Raising and educating kids with dyslexia

Posts tagged ‘Orton Gillingham’

Reading methods for dyslexia

My experience as a mother of children with dyslexia is that they can learn to read better, but with some intensive help. My advice, persevere with finding that help.

In my post “I forgot my husband’s name” I mentioned: “if my children read this… they will be blaming my gene pool.” Even as I wrote those words a mischievous thought entered my mind. “I will never get blamed,” I thought, “because my children, being dyslexic, don’t like to read! They will not read this!”

But I was proved wrong and I was caught! My daughter did read my blog post and she read it very well. She stumbled over a couple of words such as “exacerbates” and “Gabrieli” but I was reminded of the improvement in her ability to read. After reading the post, she added nonchalantly that she already knew that dyslexia was on my side of the family.

The four to five years of intensive remedial (I really dislike that word, it has such a stigma attached to it) teaching now shows its positive effect.

The breakdown of that intensive specialized teaching is like this: To begin with my daughter received forty hours of individual ninety-minute tutorials in the Lindamood Phoneme Sequencing (LiPS) program four days each week during the months of July and August for one summer. The LiPS method teaches students to feel the sounds through the actions of their lips and tongues. It’s pretty cool! She also revisited this program five years later. Although, in her opinion, she did not need to do it again. Then followed, though not immediately, four years of individual tutorial during each school day using the Orton-Gillingham multisensory method to teach reading (decoding) and spelling (encoding). When my daughter reads out loud, I can hear her putting this method into practice as she breaks down the words into syllables or parts.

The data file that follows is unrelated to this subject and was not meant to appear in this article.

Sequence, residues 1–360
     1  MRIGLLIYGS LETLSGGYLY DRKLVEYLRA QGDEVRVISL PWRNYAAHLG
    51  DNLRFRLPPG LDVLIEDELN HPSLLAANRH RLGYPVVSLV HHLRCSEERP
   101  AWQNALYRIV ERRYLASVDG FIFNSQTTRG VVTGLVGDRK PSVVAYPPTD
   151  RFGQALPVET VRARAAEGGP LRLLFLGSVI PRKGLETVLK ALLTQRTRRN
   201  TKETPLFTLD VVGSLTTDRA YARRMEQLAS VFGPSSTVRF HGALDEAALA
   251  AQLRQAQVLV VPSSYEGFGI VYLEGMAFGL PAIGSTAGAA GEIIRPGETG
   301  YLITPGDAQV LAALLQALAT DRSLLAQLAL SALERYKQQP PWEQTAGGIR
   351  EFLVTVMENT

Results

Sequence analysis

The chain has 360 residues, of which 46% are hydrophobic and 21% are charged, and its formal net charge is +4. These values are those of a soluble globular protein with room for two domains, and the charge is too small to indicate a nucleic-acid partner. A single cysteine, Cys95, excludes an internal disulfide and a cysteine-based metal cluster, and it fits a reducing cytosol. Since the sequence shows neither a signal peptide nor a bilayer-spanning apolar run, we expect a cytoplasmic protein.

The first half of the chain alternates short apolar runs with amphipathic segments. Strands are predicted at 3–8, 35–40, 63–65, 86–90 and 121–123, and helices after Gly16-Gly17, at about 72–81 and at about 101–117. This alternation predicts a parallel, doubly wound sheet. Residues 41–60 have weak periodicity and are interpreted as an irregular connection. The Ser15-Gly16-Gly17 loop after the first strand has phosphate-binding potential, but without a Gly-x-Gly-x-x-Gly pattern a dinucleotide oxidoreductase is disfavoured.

Over the years, I have had a fair amount of skepticism whether these programs were working and experienced frustration as progress has been slow. If dyslexia is a lifelong condition, I’ve thought, can it really be overcome? But, we’ve persevered and I think the intensity and continual application of these teaching methods has paid off. It is not only my daughter’s ability to read that has improved but also, her self-esteem and confidence.

When she finished reading the post, she rightly was proud of her achievement. We had a good laugh too; about the fact I forgot her Dad’s name!

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